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Vendee Globe Leader around Cape Horn

by Philippe Jeantot on 11 Jan 2001
Current leader of the 18 strong fleet in the Vendée Globe, Michel Desjoyeaux (PRB), passed in view of Cape Horn at 1807 hours UT on the 63rd day of racing at sea. At this stage he lies
600 miles ahead of second placed Ellen MacArthur (Kingfisher), translating to approximately two days sailing.

Michel Desjoyeaux also can count 3 days and 18 hours lead over the current record established by Christophe Auguin on ŒGeodis¹ in the last edition of the Vendée Globe in 1997.

Desjoyeaux crossed the Cape of Good Hope on December 7th at 2300hrs UT and so he has spent approximately 34 days in the Southern Ocean. ŒPRB¹ now has 7100 miles to climb until
reaching the finish in Les Sables d¹Olonne.

One should note that this talented French skipper has not ever completed a race longer than a transatlantic. In comparison, the previous 3 skippers, who rounded in the lead at Cape
Horn and all went on to win the Vendée Globe as well, had at least one circumnavigation under their belt. Titouan Lamazou counted a BOC Challenge, Alain Gautier one Vendée and a
BOC, and Christophe Auguin two BOC Challenges.

On the 9th January 1997 at 1000hrs Auguin in 'Geodis' sailed passed the Horn after 66 days and 22 hours at sea. He had spent a little more than 38 days navigating between the Cape of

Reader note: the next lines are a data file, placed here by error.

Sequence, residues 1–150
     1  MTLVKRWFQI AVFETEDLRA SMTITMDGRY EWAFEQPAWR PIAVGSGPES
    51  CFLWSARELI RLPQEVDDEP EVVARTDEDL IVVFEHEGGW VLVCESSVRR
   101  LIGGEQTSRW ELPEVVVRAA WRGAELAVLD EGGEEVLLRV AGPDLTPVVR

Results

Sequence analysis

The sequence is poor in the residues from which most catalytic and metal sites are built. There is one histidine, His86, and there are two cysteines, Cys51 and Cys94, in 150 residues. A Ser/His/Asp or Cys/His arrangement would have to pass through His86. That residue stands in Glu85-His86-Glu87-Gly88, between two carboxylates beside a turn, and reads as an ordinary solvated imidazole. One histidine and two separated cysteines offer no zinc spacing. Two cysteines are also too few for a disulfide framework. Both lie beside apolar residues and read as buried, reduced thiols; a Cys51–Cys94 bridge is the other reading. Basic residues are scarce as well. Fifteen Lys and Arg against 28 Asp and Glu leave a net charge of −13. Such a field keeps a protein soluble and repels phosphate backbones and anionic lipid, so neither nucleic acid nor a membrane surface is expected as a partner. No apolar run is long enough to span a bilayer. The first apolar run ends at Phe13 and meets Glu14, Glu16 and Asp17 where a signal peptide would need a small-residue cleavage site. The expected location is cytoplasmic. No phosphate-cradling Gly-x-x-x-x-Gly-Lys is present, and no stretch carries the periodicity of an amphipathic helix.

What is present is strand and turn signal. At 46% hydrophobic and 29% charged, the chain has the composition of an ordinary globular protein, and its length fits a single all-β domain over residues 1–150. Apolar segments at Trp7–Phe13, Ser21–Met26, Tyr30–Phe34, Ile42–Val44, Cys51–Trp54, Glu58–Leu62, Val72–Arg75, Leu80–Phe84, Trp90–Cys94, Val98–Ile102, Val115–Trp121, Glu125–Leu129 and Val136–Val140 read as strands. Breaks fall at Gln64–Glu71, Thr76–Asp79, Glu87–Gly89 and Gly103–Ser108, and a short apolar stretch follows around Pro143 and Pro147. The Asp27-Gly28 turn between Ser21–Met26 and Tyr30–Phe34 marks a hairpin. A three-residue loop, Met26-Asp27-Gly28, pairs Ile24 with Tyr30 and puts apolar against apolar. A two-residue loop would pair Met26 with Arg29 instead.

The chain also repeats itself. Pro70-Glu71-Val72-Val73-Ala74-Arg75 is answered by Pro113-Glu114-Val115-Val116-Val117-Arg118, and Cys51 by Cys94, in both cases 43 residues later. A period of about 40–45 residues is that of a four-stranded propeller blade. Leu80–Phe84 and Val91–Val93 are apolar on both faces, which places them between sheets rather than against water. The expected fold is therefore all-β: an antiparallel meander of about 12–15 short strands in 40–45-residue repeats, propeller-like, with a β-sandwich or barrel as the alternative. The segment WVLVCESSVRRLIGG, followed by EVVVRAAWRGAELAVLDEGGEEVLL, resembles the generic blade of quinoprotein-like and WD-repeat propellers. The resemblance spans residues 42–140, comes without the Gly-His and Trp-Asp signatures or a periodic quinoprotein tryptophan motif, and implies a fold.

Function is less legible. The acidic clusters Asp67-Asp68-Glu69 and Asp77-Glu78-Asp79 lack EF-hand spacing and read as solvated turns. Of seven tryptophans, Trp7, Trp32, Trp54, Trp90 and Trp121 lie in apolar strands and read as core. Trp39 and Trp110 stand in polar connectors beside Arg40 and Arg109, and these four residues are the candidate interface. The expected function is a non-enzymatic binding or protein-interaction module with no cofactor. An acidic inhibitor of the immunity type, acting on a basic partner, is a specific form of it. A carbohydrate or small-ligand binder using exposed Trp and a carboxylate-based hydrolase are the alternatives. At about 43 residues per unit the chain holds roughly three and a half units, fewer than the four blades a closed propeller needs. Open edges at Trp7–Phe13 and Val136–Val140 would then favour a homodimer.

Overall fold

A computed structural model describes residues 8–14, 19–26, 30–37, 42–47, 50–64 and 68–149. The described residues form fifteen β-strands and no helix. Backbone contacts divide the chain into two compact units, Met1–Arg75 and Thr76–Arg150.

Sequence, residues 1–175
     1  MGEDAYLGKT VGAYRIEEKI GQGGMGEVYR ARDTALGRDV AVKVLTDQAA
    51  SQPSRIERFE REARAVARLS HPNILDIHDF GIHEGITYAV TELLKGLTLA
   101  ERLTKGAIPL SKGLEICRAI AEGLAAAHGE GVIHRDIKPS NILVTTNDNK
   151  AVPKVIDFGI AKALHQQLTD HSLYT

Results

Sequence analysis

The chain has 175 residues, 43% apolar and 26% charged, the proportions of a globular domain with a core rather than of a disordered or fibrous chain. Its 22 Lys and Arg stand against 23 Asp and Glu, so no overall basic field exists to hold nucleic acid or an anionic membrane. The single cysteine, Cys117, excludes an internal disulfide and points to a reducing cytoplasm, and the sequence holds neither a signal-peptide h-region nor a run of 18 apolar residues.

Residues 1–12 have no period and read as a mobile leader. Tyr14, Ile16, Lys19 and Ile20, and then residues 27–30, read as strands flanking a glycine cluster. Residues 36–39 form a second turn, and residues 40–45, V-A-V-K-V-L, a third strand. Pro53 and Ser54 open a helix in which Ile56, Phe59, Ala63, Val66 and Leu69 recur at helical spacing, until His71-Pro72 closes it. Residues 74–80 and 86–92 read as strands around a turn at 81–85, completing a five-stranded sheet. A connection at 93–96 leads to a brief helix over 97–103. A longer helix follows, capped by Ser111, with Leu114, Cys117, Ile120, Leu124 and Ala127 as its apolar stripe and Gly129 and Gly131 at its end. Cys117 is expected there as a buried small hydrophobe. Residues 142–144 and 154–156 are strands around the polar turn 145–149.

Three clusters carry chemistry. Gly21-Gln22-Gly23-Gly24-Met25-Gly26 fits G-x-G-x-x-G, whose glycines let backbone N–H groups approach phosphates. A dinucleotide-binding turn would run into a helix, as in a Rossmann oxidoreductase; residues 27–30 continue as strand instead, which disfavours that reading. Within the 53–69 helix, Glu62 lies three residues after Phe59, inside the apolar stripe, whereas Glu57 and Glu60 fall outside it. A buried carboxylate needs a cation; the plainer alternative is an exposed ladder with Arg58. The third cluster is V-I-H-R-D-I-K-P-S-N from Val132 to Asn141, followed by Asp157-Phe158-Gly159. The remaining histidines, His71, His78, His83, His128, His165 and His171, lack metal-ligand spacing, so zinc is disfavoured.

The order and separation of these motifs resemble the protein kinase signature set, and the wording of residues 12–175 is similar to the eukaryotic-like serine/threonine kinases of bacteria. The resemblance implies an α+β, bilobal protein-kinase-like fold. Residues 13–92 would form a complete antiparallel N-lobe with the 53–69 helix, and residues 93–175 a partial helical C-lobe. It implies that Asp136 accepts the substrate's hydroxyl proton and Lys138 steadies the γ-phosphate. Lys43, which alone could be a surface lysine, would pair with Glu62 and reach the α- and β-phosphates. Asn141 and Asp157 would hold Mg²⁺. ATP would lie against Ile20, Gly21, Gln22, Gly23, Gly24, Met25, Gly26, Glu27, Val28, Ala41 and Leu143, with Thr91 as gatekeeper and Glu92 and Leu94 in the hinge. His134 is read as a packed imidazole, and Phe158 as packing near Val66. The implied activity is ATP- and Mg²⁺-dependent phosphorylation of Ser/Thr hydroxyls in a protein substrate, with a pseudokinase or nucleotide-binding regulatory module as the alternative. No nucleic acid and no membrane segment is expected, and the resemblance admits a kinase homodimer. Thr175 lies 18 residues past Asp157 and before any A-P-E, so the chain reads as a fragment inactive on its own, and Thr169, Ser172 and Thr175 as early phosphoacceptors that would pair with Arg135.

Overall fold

Good Hope and Cape Horn. His nearest rival was Hervé Laurent, more than 2000 miles behind him.

In 1993, Gautier in ŒBagages Superior¹ crossed the Horn after 75 days and 15 hours at sea and 41 days in the Southern Ocean. His nearest rival was 350 miles away, Philippe Poupon in
Fleury Michon. In 1990 Lamazou in ŒEcureuil d'Aquitaine¹ crossed the longitude of Cape Horn after 74 days and 15 hours at sea. Jean-Luc Van Den Heede was only 230 miles behind.

Radio Chat Extract

Michel Desjoyeaux (PRB): 'It¹s pelting down all around me, it¹s like a monsoon overhead! Well, it was about 15/20 minutes ago that I passed by a rather famous rock. It was somewhat of
a great relief! I had been trying to manoeuvre around the Chilean coastline, and I¹ve done it ­ I¹ve passed Cape Horn! It¹s been tiring, the weather isn¹t top, 30/35 knots in the squalls. I¹ve
not even had the time to sip some champagne!

'Since this morning, there have been plenty of nasty gusts, and with a dense cloudy bank hanging above it was hard to distinguish the squalls and you don¹t want a surprise. I may not
be at full speed but I¹m staying alert!

'To see land confirms at least that the GPS works!!! We¹ve seen various Islands since the race started: Crozet, Kerguelens, Macquarie and this, the final landmark in the Vendée Globe. It
was pretty cloudy at first and then I said to myself: 'Oh, that looks quite dark over there, it can¹t be a cloud!'

'The distance (in front of Ellen MacArthur on Kingfisher) will allow me to look forward. I shall be able to look over things for a few days, especially all the equipment aboard. I¹ll check
over the rig and the engine, the two weakest parts of the boat in terms of security. I¹ll not relax for a moment until I see the finishing flag.'

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